Bishop Mike Rinehart, of one our synods in Texas says, “I find it funny that whenever God touches our hearts, he always touches our wallets.” There is a connection with grace and generosity. Paul’s pointing that out, and inviting people to take this reconciliation that God offers through Christ to the next level -- not just to supporting things and people that they can see, but the wider church, the church back in Jerusalem. This text is about giving money to the wider congregation, those struggling in other parts of the world. And Paul doesn’t shy away from asking even those who don’t have much money. Everyone can give something. And many times the poor are the most generous, which is inspiring. It’s not because they’re stupid or careless with their money, it’s because God has touched their hearts in such a profound way, they understand their final dependance on God, and they can’t help themselves and share.
We’re talking about money here, Paul’s talking about money. I don’t like to shy away from that, and say, “Oh, if you can’t or don’t want to give money, then you can give something else -- time or talents. No, money’s important -- it’s your treasure. We’re invited to reach into our pockets, like Paul invites the Corinthians -- put your treasure where your heart already is. I know that this congregation has a heart for children. Let’s support youth in our church, around our church! (Congregations with no kids supporting other youth programs, like First and Oromo.)
Paul is not afraid to be bold about talking money. Let’s not apologize for it either. God asks us to share what we have. That’s what it’s about. Share what we have so that everybody has enough. Some people say, “Oh, that’s socialism.” No, it’s enough-ism. Why do some have more than enough, and others don’t have enough? That’s simply not how God intended us to be. Paul calls on the congregations to share. It’s what it means to be the church. Some people complain, the church is always talking about giving money. “Yes, that’s what it means to be church. It’s taking the welcoming church that we are...to the next level: being a generous church.” And, at the risk of patting ourselves on the back too much, we do that here in so many ways: We give to T.A.C.O. $12,000/year, we give to Common Ground, we give to Agape House -- campus ministry (won the Golden Ladle, in fact, with our generosity), we give to our synod (Bishop about Jenny -- first check of every month), and we give to LRCC, our camps. We are a generous church, you are generous members of the body of Christ. And I believe God celebrates our generosity, and continues to invite us to participate. If everyone gives what they can, that’s what it means to be church. “Jump in the vase, cause we’ve got space for more.” Children and youth want to be a part of this too.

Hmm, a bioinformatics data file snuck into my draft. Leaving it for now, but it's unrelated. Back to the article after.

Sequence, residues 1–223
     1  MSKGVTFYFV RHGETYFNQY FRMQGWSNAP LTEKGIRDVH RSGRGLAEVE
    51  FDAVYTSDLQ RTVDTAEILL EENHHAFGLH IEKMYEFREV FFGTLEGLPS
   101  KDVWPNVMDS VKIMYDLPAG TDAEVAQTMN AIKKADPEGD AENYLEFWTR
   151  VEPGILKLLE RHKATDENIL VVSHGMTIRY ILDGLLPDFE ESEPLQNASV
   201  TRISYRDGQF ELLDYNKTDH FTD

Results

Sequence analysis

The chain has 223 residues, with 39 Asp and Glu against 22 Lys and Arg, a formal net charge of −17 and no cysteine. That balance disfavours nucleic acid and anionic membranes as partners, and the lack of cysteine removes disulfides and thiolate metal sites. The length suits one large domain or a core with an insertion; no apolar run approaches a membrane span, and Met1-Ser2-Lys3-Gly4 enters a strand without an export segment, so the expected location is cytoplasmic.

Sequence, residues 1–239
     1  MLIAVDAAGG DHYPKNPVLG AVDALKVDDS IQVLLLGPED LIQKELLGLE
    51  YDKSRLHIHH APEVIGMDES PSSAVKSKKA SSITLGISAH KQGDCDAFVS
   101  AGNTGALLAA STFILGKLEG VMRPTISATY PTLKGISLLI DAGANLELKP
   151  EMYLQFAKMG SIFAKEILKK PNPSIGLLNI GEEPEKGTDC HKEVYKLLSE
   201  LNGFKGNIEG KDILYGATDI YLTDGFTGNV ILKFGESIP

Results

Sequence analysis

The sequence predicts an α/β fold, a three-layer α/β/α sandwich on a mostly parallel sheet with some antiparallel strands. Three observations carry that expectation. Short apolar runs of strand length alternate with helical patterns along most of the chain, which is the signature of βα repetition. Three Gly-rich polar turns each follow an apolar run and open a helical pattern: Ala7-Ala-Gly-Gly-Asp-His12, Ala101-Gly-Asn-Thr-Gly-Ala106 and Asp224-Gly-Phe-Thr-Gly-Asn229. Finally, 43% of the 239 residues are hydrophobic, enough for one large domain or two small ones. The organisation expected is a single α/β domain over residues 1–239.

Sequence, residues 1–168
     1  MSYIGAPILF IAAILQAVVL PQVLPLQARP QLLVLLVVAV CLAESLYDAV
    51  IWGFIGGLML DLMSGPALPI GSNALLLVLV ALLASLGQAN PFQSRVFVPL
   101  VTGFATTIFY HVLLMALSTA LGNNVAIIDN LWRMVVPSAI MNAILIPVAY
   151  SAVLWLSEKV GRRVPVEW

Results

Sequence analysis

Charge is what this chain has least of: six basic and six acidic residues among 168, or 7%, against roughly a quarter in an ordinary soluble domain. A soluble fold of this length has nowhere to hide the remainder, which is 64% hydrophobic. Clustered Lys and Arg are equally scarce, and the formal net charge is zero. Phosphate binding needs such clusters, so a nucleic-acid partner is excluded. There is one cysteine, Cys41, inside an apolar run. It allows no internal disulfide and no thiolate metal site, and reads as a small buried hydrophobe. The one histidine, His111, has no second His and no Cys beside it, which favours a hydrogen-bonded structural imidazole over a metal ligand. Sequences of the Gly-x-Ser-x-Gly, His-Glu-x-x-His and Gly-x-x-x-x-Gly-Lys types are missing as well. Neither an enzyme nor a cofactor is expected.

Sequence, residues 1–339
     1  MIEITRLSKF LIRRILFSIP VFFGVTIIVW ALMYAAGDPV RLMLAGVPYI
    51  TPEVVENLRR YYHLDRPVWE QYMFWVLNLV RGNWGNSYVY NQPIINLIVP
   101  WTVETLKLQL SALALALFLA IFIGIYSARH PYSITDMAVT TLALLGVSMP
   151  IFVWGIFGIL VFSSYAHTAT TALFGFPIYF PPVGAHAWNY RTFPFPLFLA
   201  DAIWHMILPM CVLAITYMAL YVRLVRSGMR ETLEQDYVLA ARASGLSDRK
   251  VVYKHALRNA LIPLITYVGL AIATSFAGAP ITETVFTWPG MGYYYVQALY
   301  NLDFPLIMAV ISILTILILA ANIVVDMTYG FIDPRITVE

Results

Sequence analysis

A welcoming church is also a generous church. And where there is generosity, the Spirit is alive and moving. Contrast that with a congregation that’s afraid, and therefore not welcoming, because of who might get in. Generosity would be very calculated and limited there, very restricted and designated. It’s not the picture that our youth were painting and experiencing this week at camp.
God calls us into freedom and joy, this week again. God invites us and everyone into lives of generosity and welcome. Paul affirms our generosity and encourages our continued participation. “You who began with your commitment last year, keep it up!” That’s what Paul says in this reading, which seems appropriate as so many of us made our pledges to the capital campaign last year!
Sisters and brothers in Christ, we continue -- led by the youth -- to walk in this way, to throw our doors and our arms wide open, to revel in the grace that is ours, and to live lives of generosity in all that we say and do from Sunday-Saturday. And we live all this in the name of Christ, whose faithfulness is great, who models this amazing generosity, who emptied himself so that we might be rich in grace and love, who walks with us, who comforts and forgives us, and who gives us strength for this day and always. AMEN.